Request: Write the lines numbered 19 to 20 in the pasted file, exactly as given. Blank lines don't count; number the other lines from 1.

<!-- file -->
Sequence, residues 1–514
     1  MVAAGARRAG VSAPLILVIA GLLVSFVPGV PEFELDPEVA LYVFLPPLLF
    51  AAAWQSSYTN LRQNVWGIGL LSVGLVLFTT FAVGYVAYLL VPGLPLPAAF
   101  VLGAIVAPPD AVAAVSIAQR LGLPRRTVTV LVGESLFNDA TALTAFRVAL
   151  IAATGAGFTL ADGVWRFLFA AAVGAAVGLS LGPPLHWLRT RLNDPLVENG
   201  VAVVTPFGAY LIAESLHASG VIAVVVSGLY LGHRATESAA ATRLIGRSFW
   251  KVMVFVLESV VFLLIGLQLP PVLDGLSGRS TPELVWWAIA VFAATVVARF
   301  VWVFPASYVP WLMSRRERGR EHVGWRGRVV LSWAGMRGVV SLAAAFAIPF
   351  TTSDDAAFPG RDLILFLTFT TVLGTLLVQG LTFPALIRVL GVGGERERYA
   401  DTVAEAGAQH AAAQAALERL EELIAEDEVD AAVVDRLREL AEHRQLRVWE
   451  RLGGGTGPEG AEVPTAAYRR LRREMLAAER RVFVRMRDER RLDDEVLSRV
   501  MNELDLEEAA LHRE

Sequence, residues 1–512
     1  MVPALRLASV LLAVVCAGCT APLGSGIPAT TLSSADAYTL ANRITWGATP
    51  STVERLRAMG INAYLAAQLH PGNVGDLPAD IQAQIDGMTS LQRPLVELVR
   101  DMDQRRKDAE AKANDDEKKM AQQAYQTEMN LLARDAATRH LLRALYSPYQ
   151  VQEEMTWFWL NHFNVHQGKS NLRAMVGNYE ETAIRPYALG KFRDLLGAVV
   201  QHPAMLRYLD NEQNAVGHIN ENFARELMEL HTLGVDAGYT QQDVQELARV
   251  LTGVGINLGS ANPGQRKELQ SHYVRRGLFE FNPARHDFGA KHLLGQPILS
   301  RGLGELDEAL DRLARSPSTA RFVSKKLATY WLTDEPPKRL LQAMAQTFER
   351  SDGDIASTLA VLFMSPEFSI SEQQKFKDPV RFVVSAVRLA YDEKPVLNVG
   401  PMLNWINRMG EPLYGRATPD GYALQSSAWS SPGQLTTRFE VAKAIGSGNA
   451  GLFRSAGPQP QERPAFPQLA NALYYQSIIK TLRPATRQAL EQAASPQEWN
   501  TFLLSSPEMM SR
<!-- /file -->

   251  LTGVGINLGS ANPGQRKELQ SHYVRRGLFE FNPARHDFGA KHLLGQPILS
   301  RGLGELDEAL DRLARSPSTA RFVSKKLATY WLTDEPPKRL LQAMAQTFER